Will homeopathy survive an age of limits?

The American rule is caveat emptor, which works well for those with homeopaths with something to sell.
Written by Dana Blankenhorn, Inactive on

Homeopathy is ineffective. Government support for it should be eliminated.

It cannot be right for the NHS to pay for homeopathic remedies which are no better than placebos while refusing to pay for cancer drugs that are effective, but judged too expensive.

That's from The Independent, and it's important for Americans to look at the context. Limits of any kind -- private insurance or government -- have to exclude something. So do you exclude science or what people think makes them feel good?

(Picture from the blog Treatment4autism.)

The situation in America is different. It's opponents of alternative medicine who are on the run, largely because patients pay for treatments themselves.

Some insurance policies do cover chiropractic, and many chiropractors are also homeopaths, but the FDA's current consumer site offers nothing on the topic.

Some states, including Florida, Missouri, and California explicitly endorse a consumer's right to seek alternative treatments, but that's not the same as paying for them.

Former Rep. Berkley Bedell founded what is now the Foundation for Alternative and Integrative Medicine after he became frustrated by the government's reluctance to fund studies of homeopathic treatments.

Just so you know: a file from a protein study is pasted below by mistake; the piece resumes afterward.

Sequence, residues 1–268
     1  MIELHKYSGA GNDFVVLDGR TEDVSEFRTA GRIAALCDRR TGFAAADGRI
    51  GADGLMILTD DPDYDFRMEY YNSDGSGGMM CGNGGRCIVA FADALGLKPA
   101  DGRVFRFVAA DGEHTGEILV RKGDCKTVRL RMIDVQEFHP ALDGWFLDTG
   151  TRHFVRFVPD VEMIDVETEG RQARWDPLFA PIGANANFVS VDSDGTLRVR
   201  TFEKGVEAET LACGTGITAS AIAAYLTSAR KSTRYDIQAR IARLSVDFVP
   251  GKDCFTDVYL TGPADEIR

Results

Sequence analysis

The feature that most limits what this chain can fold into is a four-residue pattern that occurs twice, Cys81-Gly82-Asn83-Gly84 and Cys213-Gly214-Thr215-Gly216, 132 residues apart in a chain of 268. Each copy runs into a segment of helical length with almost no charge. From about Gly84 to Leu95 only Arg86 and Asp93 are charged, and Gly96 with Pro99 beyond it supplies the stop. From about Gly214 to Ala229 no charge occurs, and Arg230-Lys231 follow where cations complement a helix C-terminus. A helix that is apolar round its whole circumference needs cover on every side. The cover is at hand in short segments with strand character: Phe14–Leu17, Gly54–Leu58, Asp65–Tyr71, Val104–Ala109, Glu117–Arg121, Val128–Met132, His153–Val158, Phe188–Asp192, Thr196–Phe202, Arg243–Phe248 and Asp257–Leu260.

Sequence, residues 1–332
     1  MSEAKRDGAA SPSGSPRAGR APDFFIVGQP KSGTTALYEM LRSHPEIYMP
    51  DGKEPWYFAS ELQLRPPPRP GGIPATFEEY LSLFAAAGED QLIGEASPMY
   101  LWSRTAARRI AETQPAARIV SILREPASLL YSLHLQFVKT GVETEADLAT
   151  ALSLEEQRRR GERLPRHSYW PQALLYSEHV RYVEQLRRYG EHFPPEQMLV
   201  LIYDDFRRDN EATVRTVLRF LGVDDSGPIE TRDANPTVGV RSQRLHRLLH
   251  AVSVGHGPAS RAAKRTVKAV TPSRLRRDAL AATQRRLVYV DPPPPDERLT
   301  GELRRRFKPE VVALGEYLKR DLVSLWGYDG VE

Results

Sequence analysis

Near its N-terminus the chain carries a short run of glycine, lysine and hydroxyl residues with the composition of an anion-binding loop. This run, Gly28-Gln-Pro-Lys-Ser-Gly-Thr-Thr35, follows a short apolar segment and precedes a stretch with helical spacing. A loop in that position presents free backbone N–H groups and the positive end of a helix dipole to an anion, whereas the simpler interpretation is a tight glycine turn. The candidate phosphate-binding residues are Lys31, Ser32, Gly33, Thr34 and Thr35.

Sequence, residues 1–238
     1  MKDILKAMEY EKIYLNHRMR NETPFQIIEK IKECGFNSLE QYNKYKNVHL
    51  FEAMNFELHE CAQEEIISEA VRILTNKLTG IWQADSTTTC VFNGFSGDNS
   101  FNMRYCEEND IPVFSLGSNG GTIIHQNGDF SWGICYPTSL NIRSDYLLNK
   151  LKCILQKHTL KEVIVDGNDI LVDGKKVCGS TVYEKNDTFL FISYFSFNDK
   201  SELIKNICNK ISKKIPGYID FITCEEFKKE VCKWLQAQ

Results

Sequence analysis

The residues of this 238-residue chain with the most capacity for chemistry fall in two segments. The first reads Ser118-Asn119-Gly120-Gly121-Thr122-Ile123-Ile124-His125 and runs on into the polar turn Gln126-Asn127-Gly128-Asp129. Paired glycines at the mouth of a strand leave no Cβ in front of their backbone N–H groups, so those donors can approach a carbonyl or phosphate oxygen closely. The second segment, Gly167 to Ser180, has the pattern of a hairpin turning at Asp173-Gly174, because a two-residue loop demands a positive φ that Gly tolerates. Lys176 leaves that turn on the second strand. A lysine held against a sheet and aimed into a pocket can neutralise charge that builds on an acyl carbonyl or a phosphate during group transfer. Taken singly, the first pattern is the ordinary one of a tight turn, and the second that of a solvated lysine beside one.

But the research even this group supports, like silver for wound treatment, are not far from the mainstream. Most of these studies are done outside the U.S.

The American rule is caveat emptor, which works well for those with homeopaths with something  to sell. The U.S. herb market is worth $5 billion, with the government intervening only when danger is proven, as in the "cold remedy" Zicam. The Nutrition Business Journal estimates the total alternative medicine market to be worth $45 billion.

The question is whether insurers should be made to pay. As pressure on insurance rates increase, and as the government becomes more involved in paying for care, the answer is increasingly likely to be no.

You may disagree, so convince me. Why should I pay for your homeopathic treatment?

This post was originally published on Smartplanet.com

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